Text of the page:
I am a northern pin oak tree with a cleaved out center,
my branches twist; I empty into the hollowed center.
You are sugar maple glowing amber and crimson,
no bristled blunt limbs—your leaves radiate from the center.
Once I was a small girl alone in a bronze field walking,
no tree near me when I began to discard my center.
For a microsecond I held a hummingbird window-pane stunned,
his red iridescence startled in my hand’s cupped center.
If the hummingbird did not escape in a quark’s moment,
love too large to fit in a hand would bleed out his center.
How can I unwind the concentric rings that guard your heart?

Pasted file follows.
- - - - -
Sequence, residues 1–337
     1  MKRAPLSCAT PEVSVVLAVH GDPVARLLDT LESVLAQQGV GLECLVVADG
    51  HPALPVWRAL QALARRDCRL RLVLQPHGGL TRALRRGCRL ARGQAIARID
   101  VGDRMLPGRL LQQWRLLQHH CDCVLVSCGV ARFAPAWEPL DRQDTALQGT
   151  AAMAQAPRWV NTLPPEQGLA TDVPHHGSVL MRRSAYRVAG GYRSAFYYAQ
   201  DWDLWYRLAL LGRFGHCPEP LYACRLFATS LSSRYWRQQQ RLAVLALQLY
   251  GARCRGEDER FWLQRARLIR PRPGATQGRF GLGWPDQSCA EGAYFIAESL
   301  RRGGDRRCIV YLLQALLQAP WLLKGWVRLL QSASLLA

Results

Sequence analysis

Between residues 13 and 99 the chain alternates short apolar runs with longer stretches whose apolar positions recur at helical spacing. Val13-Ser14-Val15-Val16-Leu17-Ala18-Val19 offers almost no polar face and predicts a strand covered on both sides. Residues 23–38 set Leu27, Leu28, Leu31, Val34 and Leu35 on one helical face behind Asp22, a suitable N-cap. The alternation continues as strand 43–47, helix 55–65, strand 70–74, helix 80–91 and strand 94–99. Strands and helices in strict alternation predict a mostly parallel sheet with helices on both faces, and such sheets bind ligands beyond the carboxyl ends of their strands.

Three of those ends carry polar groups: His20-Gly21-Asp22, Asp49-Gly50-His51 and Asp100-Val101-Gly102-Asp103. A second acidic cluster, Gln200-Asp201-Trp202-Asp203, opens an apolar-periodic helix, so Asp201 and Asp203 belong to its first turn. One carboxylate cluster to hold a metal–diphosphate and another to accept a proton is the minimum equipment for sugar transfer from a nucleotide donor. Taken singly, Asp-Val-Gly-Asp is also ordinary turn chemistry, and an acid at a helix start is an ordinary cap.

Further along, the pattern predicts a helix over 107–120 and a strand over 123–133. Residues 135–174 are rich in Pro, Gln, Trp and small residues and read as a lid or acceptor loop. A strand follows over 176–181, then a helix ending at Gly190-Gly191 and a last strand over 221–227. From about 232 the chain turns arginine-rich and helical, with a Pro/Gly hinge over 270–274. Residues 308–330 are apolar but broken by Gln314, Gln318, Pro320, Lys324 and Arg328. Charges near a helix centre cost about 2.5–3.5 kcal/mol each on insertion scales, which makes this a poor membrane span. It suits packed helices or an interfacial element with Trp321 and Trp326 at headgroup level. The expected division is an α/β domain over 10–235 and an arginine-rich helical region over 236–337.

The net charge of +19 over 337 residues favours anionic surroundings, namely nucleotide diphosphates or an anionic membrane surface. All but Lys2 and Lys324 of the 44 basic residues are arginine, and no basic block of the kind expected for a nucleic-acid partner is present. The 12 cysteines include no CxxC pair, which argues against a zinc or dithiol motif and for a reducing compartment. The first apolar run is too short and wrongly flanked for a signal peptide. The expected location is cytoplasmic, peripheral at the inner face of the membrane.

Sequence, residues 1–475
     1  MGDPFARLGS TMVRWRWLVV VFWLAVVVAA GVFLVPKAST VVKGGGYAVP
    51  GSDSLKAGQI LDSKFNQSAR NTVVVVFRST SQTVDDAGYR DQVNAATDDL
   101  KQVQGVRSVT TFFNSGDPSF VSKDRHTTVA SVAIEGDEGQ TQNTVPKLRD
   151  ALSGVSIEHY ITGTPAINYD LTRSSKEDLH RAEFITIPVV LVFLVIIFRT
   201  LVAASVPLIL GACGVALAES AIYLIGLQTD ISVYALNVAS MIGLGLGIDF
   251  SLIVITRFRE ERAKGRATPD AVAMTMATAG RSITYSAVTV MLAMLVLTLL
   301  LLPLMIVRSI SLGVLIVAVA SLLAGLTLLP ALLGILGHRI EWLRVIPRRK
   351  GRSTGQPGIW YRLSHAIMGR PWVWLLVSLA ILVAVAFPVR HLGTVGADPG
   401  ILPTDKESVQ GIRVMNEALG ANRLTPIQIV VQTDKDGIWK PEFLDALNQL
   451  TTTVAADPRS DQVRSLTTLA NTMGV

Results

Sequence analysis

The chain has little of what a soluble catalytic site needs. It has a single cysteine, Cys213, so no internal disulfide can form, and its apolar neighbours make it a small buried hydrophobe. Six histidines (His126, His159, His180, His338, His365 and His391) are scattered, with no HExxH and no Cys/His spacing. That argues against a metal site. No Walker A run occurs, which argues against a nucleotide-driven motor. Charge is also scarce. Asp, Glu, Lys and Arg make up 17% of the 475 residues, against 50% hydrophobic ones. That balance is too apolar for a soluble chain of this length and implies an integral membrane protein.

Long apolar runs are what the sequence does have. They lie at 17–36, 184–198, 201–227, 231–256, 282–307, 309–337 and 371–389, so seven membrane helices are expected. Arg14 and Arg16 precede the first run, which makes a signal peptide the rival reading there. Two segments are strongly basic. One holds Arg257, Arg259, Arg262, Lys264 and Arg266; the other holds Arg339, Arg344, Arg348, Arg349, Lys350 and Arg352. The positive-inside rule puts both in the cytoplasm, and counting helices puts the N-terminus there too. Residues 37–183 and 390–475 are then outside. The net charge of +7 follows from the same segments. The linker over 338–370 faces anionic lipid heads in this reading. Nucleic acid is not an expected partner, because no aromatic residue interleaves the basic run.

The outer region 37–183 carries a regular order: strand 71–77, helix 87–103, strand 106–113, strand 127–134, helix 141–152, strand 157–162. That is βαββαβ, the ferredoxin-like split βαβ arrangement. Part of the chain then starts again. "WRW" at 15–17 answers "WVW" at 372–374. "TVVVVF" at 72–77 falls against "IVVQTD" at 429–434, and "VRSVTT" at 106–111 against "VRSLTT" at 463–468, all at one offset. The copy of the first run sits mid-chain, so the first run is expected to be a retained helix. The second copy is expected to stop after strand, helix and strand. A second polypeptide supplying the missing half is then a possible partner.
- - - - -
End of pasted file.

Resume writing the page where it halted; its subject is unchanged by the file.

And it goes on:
Is soul synonymous for the core of the heart’s center?
If my arms circle your body until soft bruises bloom,
will some of your heart stray in my scooped-out center?
Over the years of exhibiting her work, a combination of her poetry in calligraphic form and collages of paste paper, PATTIE PALMER-BAKER discovered (to her delight and surprise!) that most people, despite what they may believe, do like poetry, and in fact many liked her poetry better than the visual art. She now concentrates on poetry. She finds the ghazal both challenging and rewarding. She believes the rigidity of the rules force her into depths not experienced when writing free verse.